Joseph Mazza, a 1984 graduate of the George Washington University (BA, International Affairs), joined the State Department’s Office of Language Services (LS) in 1989 as a translator of Romance languages into English, following five years as a translator of Russian and Romance languages for the Navy. In 2003, he was named Chief of LS’s Romance Branch; in 2006 he became Chief of LS’s Translating Division, with responsibility for most State Department translations. In both capacities, he helped to develop both the ASTM Standard Guide for Quality Assurance in Translation and the ILR Skill Level Descriptions for Translation Performance. In 2015, he began teaching Spanish/English translation at the University of Maryland’s Graduate Studies in Interpretation and Translation (GSIT) program. Mr. Mazza was elected to a 2-year term as Administrator of the Government Division of the American Translators Association (ATA) in 2016, and has been a regular presenter at ATA annual conferences.
Anna M. Medina has served as an attorney in the Federal Coordination and Compliance Section (FCS) of the U.S. Department of Justice, Civil Rights Division in Washington, D.C. since 2007. She has worked on the FCS Title VI Courts Language Access Initiative since its inception, which protects the rights of LEP individuals in federally assisted state and local courts, and includes enforcement, technical assistance, and outreach. As part of that work Anna has been fortunate to speak with and learn from interpreters across the country. She has also worked extensively on matters that clarify the interpretation of national origin discrimination under Title VI with respect the rights of limited English proficient individuals in federally assisted programs. Previously, Anna was an attorney in the U.S. Department of Education’s Office for Civil Rights, where she focused on ensuring nondiscrimination in schools. Anna has over fifteen years of experience as a lawyer in both private and public practice.
Eloísa Monteoliva García is the Spanish Language Assistant at LINCS, Heriot-Watt University (Scotland) and has conducted a PhD study on police interpreting (viva pending) at the Centre for Translation and Interpreting Studies in Scotland under the supervision of Professors Ursula Böser and Jemina Napier. Eloísa has collaborated in several research projects on interpreting in legal settings, including the CO-Minor-IN/QUEST project, a scholarly review of publications on legal and judiciary interpreting produced under the financial support and guidance of NAJIT’s Society for the Study of Translation and Interpretation (SSTI), and the UK adaptation of the UNHCR Training Handbook on Asylum Interpreting.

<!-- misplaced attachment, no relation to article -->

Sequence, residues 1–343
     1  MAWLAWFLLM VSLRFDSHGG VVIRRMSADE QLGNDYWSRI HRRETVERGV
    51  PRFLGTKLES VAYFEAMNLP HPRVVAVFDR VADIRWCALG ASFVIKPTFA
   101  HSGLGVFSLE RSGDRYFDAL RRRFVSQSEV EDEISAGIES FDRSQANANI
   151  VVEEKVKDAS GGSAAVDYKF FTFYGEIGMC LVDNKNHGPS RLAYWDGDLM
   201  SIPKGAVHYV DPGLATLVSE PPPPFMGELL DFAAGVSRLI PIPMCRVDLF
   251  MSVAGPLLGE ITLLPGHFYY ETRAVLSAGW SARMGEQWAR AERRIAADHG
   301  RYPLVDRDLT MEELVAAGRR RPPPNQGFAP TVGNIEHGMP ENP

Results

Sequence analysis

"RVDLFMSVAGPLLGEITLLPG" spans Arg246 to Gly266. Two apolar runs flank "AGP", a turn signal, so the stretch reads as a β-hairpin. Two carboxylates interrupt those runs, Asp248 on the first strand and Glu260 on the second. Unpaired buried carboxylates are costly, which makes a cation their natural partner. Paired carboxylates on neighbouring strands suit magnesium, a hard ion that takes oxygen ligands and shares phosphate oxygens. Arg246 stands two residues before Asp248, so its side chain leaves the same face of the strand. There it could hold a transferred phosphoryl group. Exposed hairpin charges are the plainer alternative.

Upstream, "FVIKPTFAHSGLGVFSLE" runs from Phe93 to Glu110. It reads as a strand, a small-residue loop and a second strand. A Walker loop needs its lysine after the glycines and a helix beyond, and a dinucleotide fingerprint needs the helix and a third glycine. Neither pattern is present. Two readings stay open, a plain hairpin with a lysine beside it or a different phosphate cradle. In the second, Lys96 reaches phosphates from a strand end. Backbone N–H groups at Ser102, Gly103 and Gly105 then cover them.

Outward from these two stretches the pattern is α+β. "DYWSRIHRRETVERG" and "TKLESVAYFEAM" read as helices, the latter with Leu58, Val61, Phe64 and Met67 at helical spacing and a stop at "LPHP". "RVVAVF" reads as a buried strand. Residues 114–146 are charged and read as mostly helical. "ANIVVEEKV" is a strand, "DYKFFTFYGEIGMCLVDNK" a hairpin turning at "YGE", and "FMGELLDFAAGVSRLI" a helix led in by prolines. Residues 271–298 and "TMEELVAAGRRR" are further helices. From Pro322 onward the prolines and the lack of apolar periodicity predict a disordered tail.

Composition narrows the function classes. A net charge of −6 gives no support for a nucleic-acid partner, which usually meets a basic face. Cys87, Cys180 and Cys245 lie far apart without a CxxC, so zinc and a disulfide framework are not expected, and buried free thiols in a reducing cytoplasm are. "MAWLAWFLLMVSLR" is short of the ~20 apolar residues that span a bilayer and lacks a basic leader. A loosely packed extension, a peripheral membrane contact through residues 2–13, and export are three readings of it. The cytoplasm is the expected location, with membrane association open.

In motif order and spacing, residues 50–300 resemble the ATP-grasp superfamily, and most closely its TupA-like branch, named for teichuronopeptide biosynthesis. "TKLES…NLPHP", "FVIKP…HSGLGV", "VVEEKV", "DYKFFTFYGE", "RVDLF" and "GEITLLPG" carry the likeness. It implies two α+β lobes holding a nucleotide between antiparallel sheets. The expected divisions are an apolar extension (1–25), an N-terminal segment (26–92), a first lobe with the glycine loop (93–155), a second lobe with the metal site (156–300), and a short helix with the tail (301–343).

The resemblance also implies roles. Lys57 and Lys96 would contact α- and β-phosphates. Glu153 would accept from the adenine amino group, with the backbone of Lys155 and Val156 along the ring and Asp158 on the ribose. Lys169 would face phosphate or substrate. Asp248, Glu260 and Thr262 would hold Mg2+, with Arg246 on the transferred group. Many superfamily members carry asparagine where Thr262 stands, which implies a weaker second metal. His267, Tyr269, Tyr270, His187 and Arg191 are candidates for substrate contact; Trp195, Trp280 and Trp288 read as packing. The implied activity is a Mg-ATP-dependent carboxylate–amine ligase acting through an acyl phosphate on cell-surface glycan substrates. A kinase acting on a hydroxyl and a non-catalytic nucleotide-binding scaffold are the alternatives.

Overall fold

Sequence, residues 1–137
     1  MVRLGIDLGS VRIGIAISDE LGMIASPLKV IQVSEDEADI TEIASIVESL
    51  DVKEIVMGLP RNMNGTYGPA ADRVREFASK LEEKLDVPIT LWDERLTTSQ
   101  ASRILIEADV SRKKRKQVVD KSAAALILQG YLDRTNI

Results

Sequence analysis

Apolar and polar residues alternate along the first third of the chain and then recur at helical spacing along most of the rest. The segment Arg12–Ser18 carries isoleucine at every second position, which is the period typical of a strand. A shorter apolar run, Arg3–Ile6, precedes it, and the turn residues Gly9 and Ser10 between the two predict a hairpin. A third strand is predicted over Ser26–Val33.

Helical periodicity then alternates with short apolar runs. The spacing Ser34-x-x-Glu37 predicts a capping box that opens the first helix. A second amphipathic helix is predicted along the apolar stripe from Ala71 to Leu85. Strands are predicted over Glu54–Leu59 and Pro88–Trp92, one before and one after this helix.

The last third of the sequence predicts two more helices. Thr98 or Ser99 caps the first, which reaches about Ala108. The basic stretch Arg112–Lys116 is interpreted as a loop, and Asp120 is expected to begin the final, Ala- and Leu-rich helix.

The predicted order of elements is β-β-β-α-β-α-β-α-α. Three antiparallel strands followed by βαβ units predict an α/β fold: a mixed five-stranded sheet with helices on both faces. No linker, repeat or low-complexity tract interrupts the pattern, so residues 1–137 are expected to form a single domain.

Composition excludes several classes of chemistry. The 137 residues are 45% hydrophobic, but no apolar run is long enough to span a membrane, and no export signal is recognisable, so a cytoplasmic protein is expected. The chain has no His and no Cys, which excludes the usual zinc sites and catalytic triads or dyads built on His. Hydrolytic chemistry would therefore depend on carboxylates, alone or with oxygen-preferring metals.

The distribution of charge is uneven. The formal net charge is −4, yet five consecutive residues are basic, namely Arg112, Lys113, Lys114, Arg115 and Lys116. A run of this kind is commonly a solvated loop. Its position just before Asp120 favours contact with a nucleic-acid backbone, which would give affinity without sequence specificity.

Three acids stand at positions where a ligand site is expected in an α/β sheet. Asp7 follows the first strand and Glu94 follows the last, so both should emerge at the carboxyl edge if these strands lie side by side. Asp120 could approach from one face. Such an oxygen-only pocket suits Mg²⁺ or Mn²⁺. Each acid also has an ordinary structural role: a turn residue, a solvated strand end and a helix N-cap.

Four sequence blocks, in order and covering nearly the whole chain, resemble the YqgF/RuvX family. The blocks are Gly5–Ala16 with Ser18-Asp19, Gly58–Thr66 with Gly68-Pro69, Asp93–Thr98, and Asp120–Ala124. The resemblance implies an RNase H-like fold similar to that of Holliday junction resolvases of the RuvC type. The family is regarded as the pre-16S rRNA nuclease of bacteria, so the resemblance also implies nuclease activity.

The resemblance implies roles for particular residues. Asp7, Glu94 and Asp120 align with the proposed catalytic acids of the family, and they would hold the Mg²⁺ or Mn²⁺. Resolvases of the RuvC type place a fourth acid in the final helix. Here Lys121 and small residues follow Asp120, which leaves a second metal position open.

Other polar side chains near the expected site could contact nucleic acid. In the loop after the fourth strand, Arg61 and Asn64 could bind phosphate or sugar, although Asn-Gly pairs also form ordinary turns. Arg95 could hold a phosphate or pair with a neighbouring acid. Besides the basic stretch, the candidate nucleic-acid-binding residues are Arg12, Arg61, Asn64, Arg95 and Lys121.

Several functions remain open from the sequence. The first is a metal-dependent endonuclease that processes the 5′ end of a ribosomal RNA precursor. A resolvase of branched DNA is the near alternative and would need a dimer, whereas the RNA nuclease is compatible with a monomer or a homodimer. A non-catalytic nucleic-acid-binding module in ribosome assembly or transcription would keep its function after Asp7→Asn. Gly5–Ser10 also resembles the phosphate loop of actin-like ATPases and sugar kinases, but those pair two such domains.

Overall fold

Esther M. Navarro-Hall is the owner of 1Culture (www.1culture.net) an interpreting, training and consulting company. She is an Adjunct Professor at the Middlebury Institute of International Studies at Monterey (MIIS), where she teaches Conference, Court and Community Interpreting. She holds an M.A. in Conference Interpretation from MIIS and has worked as a freelancer for the past 32 years. Ms. Navarro-Hall provides training for interpreters and interpreter trainers in the U.S. and abroad. She is a pioneer in online training, practical technologies and social media for interpreters. She is also the creator of the Sim-Consec™ method (an innovative combination of two interpreting skills plus various digital technologies), and has taught it to hundreds of interpreters around the world. She is a Federally-certified Court Interpreter and a State-certified Court and Medical Interpreter. In addition, she has interpreted for the U.S. State Department and is an ATA-certified EN>ES Translator. Ms. Navarro-Hall is currently NAJIT’s Chair and a Director of Critical Link International.
Ernest Niño-Murcia is a freelance legal interpreter and translator based in Des Moines, Iowa. As a state and federally certified court interpreter, he has interpreted legal proceedings and prepared translations, transcriptions, and expert witness reports/testimony for clients in the private and public sectors. Outside of court, he has interpreted for public figures such as House Speaker Newt Gingrich, Archbishop Timothy Dolan, Governor George Pataki and Senator Bernie Sanders. Beyond his practice, he has presented to groups of attorneys, judges and court reporters about court interpreter issues. He graduated from Brown University with a B.A. in Anthro-Linguistics and is a Jeopardy champion (2012).